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That Reminds Me – the legendary Fred Shawcross

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BY far the most larger-than-life character I ever worked with was Fred Shawcross – newspaper sub-editor, nightclub drummer, racing tipster and greyhound breeder.

When I arrived on the subs’ desk of the Lancashire Evening Telegraph in Blackburn, Fred had left some years earlier but they still talked of little else. How he would roll in an hour late after a night on the tiles, disappear in the direction of the bogs with a rolled-up Racing Post under his arm and announce to the chief sub: ‘Harry, I’ll be in Trap Three.’

How he would open the flap on the pneumatic copy tube to the composing room and shout: ‘Bridge here, give me more steam!’

And how he was one of the few journalists to have appeared on the TV talent show Opportunity Knocks, in a piano-and-drums duo named Bennett Shawcross. They didn’t win.

A former colleague, Roger Kimm, recalls how he and his wife Anita ‘went to see him at the Broadway Hotel in Morecambe where he was on the cabaret bill. We missed the beginning. When Fred saw me he stopped the show and said, “Come on in Roger, you’re a bit late.” The whole audience turned round to see who we were!’

The reason for Fred’s departure from Blackburn was the Inland Revenue. They discovered that he had been out drumming several nights a week as well as doing shifts on the national papers in Manchester while failing to declare any of the additional income. Fred was hit with a bill for many thousands, which he did not have.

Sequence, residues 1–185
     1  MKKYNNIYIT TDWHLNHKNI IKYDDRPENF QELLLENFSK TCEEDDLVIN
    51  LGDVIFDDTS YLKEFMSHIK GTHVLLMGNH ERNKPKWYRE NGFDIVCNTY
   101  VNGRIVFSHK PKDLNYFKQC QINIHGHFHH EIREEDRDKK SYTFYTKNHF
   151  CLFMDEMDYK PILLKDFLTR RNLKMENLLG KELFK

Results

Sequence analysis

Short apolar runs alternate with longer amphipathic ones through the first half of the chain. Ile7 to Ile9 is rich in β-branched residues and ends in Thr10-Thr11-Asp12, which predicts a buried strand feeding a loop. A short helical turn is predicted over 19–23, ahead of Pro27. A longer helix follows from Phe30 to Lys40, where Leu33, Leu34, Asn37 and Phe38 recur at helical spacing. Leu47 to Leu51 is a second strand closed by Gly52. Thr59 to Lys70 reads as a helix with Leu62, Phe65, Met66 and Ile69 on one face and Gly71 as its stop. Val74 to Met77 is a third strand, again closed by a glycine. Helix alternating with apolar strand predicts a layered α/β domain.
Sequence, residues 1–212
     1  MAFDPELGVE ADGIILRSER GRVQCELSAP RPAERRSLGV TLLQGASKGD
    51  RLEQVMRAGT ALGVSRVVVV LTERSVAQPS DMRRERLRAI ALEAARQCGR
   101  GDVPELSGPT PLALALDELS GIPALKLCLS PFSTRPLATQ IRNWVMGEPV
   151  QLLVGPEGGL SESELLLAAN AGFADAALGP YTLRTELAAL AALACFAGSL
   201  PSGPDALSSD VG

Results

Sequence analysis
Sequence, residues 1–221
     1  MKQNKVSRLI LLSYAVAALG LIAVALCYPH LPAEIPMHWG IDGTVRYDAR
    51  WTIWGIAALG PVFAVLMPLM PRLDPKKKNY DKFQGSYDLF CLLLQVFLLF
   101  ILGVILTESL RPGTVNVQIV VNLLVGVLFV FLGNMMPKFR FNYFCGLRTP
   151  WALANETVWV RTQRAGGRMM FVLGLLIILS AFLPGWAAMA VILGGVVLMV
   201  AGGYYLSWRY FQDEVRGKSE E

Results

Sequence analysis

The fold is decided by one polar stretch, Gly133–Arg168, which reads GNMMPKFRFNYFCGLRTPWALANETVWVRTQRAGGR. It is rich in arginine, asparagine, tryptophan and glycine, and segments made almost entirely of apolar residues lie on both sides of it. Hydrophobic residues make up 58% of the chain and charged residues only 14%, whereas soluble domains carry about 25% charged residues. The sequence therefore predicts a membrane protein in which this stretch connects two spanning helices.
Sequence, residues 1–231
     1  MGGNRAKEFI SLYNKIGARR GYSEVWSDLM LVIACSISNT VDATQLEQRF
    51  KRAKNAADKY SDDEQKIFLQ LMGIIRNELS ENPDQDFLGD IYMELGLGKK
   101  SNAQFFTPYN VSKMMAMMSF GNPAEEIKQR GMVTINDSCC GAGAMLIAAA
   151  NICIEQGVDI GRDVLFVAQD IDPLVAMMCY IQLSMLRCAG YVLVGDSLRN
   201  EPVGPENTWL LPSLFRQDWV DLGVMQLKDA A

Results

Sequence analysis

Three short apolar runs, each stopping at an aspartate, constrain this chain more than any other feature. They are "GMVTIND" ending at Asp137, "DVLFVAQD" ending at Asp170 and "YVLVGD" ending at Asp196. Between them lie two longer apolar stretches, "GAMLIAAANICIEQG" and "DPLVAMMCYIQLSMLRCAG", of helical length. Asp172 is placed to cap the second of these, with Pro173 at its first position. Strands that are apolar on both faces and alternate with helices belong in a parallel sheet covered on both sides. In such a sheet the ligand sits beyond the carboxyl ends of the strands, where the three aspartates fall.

He decided his only option was to work in cabaret on cruise liners, living on free food and drink while sending his pay home to his wife Judith and three daughters in Bolton. What they had left over after living expenses went to the taxman to reduce his owings. Meanwhile Fred was the life and soul of the ship. One day its celebrated French chef asked him: ‘Frred, Frred, what can I prepare for you to make you happy?’ He replied: ‘Cheese and onion pie, chips and marrowfat peas.’ An impossible demand, given the shortage of marrowfats in the Bahamas, so he had to make do with lobster thermidor.

His debt to society paid off after four years, Fred returned home and did subbing shifts on the Mirror and Sunday People, where he impressed colleagues with his ability to predict winning horses. When a vacancy for a stone sub (who dealt with the compositors making up pages in hot metal) arose on the Daily Mail, he got the job by the simple expedient of cracking gag after gag at an interview until the night editor, helpless with laughter, took him on for his entertainment value.

By this time I was on the Mail and my first sight of Fred was when he arrived for work in a Ford Motors shop steward’s overall, which he wore to keep the ink off his shirt and tie because after work he would be ‘going on’ to a club.

We were all invited to his 50th birthday party, held in a social club attached to an electrical goods factory in Horwich, near Bolton. Oh, the glamour! Highlight of the evening was a performance by Fred’s jazz band in which a virtuoso five-minute drum solo proved he really was no slouch on the skins.

My first wife and I went out for several meals with Fred and Judith, who were always greeted with joy by the restaurateurs. Fred once came over to our local pub in Fence, near Burnley, and turned out to know more of the regulars than we did.